We planned and I helped stylize, and it just out so well. We wanted to do just something really dark, and it’s so bright, but it’s still so dark. There’s so much emotion in her eyes. That is actually Valley Latini. She’s a musician, and she’s become a really good friend of mine. We met because I did a music video for her and that was such an amazing experience. I’m like, ‘it doesn’t have to be so complicated all the time to make something cool.’ That’s definitely one of my muses because she’s just given me her trust. Therefore, I’ve done album covers for her now and single covers. I do a lot with her. So that’s a very beautiful friendship that really did come from photography.”
“LA Summer” (2021)
“This was in LA, and I really love the work that I make in LA. I just feel so inspired there, it’s just so colorful and bright kind of how my photography is. Sometimes, you’re just shooting and you just take one photo where you’re like, ‘wow, how did this even happen?’ There were so many others from this shoot, but it was just this one that was so perfectly lit up. The photos that I keep getting drawn to are the ones that turned out so well. They just fit in my mind. That’s what I came for when I came to that shoot: to take a photo that I feel that way about.
I think that I imagined this photo being really big as well. This is a photo that I would love to see blown up just so you can really see her eyes. It’s just so perfect to be just for Instagram. I had just found her when we took those. I just find girls and I don’t care about anything else other than shooting with them. I like a lot of models that look like dolls, and I think she does.”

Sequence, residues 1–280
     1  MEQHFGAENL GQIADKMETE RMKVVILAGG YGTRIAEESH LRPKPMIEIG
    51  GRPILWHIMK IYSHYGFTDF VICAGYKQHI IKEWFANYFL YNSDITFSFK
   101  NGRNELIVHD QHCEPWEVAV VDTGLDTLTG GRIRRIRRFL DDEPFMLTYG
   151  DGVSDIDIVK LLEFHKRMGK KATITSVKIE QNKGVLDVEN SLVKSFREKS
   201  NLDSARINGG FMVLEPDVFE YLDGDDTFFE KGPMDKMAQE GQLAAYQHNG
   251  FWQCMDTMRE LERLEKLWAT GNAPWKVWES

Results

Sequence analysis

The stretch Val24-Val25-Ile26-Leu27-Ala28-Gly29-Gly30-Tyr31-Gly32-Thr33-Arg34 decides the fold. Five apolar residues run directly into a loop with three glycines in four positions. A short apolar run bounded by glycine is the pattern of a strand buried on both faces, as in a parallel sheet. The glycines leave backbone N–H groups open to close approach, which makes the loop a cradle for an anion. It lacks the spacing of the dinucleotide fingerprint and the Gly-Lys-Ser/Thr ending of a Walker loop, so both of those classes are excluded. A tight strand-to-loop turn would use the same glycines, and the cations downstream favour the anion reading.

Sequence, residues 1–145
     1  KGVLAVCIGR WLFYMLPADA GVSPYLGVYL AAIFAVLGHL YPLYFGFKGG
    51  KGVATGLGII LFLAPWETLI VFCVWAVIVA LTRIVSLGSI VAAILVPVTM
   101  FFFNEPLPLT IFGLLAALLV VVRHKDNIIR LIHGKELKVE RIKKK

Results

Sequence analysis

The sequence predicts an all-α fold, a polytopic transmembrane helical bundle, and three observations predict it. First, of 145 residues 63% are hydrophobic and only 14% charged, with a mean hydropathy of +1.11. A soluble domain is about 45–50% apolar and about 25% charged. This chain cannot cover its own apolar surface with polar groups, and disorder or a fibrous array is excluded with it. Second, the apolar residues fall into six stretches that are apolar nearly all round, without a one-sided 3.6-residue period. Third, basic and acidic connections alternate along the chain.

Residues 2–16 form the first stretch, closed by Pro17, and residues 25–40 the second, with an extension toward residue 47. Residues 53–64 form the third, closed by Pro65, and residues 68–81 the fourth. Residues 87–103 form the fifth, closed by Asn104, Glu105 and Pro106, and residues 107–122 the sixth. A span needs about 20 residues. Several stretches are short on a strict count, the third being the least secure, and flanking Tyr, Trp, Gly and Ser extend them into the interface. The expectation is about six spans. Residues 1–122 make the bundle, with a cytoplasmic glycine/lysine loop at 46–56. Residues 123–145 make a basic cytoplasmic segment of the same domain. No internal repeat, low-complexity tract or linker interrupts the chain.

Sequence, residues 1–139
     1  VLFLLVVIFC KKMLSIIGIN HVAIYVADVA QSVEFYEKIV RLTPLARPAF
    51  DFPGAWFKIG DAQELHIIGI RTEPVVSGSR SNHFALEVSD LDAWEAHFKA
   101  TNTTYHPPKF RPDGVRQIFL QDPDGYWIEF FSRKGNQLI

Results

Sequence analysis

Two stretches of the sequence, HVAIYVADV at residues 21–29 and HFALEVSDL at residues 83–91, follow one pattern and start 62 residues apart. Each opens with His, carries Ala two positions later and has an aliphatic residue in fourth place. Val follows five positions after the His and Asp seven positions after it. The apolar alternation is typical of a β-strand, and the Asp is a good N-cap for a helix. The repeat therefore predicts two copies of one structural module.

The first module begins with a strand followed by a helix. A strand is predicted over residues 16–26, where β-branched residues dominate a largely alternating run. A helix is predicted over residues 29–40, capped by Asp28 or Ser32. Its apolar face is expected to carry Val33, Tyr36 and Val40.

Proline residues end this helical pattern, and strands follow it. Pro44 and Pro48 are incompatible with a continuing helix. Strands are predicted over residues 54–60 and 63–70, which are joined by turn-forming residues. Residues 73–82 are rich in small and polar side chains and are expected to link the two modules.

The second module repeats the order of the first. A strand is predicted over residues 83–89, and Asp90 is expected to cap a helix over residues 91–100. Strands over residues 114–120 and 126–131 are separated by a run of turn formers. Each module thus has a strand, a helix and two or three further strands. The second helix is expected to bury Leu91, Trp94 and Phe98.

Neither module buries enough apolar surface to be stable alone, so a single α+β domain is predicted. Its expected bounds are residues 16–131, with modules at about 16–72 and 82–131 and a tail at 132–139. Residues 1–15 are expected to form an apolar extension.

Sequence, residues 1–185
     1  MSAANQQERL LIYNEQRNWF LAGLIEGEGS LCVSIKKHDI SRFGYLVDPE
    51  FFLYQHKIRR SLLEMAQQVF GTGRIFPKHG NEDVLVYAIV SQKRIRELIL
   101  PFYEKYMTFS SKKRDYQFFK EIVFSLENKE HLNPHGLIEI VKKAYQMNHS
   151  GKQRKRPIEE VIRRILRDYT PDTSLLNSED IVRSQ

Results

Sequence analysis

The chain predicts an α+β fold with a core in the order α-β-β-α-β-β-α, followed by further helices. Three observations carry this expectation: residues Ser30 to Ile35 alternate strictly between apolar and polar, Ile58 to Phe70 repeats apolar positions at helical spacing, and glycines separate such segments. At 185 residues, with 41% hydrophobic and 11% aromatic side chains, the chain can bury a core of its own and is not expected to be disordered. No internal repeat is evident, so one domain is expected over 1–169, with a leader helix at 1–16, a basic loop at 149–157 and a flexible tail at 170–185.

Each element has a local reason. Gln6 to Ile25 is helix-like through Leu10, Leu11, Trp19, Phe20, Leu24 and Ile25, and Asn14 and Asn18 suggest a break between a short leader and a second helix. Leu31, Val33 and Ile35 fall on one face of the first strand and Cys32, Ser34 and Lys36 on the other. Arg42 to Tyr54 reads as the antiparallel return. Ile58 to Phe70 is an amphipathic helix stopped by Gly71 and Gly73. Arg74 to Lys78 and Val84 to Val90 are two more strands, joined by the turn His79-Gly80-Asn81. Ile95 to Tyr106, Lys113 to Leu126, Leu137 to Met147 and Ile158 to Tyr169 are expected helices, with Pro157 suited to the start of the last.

“Look Up” (2022)
“So this was another one of those photos that when I took it, I knew that this is what I envisioned. I had this idea of her praying, and it goes back to the sort of contrast where I’m almost contradicting in a way. Within religion, it’s not necessarily inviting for women to be sexually liberated or whatever. I like the juxtaposition of that. It’s this really beautiful girl and she has her titties out and she’s still doing the same thing that everyone else does. She’s praying, she’s looking up. Some of my favorite work is really in LA.”
“wet Summer” (2022)
“Again, this is one of those moments where I just saw this, and I was thinking, ‘This is who I want to be as an artist. ‘These are the type of photos that I want to be taking.’ I was reminded of Sports Illustrated. This could be them if they hired cool photographers. It was just one of those moments, and there are so many more from this exact shoot. When I took this picture, it was perfectly exposed and the sky was super contrasted. This is the direction that I want to continue to go in. She’s a friend of mine now as well.
This was right on my roof. There’s another photo of her with the church behind her and she’s pouring water on herself. That’s the church I live right in front of and I’m doing a series now. I’m really hoping to have a show in the winter of girls like baptizing themselves on the roof. I’ll call it Bad Bitch Baptism. So I’ve already shot a couple of other girls doing the same thing. I just have a vision of just having them really blown up, having ten different photos shown in a gallery with this. So that’s the beginning of the project that I’m working on.”
Elsewhere in photography, Chino Angles walks us through some of his favorite editorial photoshoots over the recent years.